That’s where it can go off the rails for SMEs. They find out about dozens of possible Big Data and analytics tools they could use and lose interest fast due to the hefty price tag, the number of personnel needed to implement it or the length of time it will take to deploy the systems.

McCabe’s advice, therefore, is to keep it really simple. Even baby steps can make a difference.

"Some firms might already have plenty of data available in a QuickBooks Online application, for example," she said. "It has a trending tool that comes with the product where you can benchmark your own operation against similar businesses."

Look for Embedded Analytics Opportunities

Another easy way to get started is by using Google Analytics on your website, said McCabe, or other analytics applications that may already be embedded within the tools you have. Increasingly, analytics is moving from an additional tool you purchase to one that is included within well-known software packages like QuickBooks and Microsoft Office.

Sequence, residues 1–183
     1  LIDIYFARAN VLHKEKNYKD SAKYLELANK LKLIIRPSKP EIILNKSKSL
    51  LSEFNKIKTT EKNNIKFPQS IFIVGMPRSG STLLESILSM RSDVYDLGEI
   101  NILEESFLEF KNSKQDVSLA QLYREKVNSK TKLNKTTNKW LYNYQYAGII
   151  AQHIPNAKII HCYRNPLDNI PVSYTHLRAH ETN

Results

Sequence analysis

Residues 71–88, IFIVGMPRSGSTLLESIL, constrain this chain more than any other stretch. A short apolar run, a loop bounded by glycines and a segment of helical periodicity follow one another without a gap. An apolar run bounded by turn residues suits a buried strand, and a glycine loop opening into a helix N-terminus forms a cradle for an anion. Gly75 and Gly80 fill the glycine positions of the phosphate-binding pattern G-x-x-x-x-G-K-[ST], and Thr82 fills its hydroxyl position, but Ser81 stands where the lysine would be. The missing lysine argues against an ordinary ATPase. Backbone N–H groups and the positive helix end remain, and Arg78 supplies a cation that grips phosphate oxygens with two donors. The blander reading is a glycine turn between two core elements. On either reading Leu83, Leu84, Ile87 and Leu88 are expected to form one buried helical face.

Consider the Cloud

Starting simple might get you a better handle on who is visiting your website, how sales trends are changing, or how you measure up compared to similar businesses. But it only goes so far. If you need to graduate up into more sophisticated Big Data analytics, perhaps the cloud is the next place to go. You don’t need to buy any software or hardware and only have to pay for what you use.

"If you get to the point where you want to know such matters as what customers are saying about you on social media, the cloud is an option," said McCabe. "There are plenty of good cloud-based tools, so why install them yourself?"

Don’t Lose Big Data Ground